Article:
“My lord, I cannot understand all of it, just like you,” the old man frowned. “One of ‘em barnacled uttered some heresy about uncertainty or something like that, about something called multiversum. But how am I supposed to know Latin? All descendant languages have been officially recognized as a schismatic ideological weapon already in year 900 from the founding of Moscow and their study was officially banned.”

“Well how can you be sure we really are sending him to 1941, then?!” the duke burst with anger.

“You can set the year, day and hour in an app for this tablet, which was programmed by Gibelman himself,” the old man raised the tablet from a table, unabashed, and displayed the date set on its screen to the duke.

“To hell with you,” the duke once again set his eyes upon Roman the android. “Will you at least turn this thing on?”

“He’ll power up automatically once he has reached the past,” the old man waved his hand.

The ceiling shook. Their enemies were serious about bunker-busting. The duke opened the chronosphere hatch.

“It is time,” he commanded.

The old aide and the duke took the motionless android and squeezed him into the cramped cabin. Then they retreated to a concrete elevation five meters away from the ship. Red lights kept flashing over the dull rumbling of exploding bombs…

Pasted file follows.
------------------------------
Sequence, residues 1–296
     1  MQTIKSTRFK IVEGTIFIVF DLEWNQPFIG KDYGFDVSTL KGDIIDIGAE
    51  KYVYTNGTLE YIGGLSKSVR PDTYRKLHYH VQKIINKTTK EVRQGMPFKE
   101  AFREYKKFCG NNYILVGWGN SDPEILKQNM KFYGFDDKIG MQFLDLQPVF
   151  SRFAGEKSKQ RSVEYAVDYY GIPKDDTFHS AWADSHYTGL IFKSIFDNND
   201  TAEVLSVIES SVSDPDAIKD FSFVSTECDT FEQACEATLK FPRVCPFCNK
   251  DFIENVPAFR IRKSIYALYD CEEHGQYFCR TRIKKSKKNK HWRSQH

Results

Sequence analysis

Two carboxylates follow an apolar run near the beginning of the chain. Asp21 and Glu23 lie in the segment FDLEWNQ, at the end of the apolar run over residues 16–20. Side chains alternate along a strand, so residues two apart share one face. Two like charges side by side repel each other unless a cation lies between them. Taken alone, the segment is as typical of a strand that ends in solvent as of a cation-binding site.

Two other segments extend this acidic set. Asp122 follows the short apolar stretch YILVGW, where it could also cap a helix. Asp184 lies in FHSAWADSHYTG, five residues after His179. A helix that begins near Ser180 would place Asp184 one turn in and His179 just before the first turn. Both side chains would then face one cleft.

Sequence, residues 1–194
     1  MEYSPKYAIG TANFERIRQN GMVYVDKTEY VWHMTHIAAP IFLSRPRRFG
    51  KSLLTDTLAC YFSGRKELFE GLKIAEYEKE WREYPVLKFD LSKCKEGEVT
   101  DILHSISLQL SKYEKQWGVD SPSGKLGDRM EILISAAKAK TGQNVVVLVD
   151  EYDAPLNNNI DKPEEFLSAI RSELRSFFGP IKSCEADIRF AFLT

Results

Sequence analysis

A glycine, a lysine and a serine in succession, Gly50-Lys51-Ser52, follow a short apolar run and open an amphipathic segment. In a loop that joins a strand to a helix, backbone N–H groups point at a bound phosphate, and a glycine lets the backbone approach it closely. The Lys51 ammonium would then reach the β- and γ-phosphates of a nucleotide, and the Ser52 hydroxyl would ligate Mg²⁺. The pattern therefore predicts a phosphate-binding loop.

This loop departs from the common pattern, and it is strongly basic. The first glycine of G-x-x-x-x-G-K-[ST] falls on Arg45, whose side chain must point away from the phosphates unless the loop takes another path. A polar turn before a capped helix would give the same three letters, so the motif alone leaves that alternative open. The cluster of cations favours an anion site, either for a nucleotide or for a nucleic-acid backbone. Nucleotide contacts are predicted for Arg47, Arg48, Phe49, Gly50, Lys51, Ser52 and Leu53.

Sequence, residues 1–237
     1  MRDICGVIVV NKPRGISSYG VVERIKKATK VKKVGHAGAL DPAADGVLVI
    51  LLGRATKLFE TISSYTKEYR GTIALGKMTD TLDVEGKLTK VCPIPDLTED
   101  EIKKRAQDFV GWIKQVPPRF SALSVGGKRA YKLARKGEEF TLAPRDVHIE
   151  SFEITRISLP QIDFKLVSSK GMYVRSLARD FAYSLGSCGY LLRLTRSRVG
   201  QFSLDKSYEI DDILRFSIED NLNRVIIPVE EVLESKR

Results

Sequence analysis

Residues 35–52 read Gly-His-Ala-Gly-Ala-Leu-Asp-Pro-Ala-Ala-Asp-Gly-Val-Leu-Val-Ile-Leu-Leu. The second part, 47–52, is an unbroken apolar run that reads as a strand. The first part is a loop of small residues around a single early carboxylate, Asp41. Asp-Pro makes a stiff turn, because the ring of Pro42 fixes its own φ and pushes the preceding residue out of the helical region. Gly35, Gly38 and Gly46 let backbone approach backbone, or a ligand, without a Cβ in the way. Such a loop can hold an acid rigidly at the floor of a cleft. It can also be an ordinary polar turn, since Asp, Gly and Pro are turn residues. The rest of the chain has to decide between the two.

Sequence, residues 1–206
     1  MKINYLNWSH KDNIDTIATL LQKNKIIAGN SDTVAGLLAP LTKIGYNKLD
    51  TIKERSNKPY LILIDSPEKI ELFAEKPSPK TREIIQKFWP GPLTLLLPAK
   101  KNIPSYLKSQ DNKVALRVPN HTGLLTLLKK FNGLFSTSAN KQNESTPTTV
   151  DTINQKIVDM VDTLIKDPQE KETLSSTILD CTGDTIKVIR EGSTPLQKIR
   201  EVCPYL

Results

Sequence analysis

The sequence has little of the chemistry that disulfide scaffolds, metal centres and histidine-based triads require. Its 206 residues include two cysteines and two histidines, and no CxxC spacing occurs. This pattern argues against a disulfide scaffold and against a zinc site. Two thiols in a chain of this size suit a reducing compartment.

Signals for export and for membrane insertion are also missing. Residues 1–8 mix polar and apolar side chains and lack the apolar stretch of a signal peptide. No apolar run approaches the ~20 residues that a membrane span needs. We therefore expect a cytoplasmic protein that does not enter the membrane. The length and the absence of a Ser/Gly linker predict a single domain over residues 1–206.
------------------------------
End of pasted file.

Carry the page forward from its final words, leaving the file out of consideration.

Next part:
“So, the time has come,” the old man touched a huge red circle on the tablet’s touch screen.

The ship simply vanished. The duke looked at the old man, surprised. The aide met the gaze of Moscow’s ruler with confidence at first, but with each passing minute the old man’s face turned more and more pale.

“Wait,” the old man breathed out after five minutes of exhilarating wait, “the temporal wave, it seems, has not yet arrived…”

“What the hell are you bumbling about?” the duke spit on the floor. “You wasted the last moments of my life on this?”

And the ruler of Muscovite Rus pulled out his gun, swearing profusely. It was a PSM, manufactured in the past century for army top brass. The first bullet threw the old dweeb’s frail body to the wall, but the duke could barely contain his fury. He kept shooting until the aide’s corpse turned into an unrecognizable gory lump.


The Raptor was already old and far from being the most modern NATO fighter, but even for this obsolete machine no resistance was expected on the post-Russian space.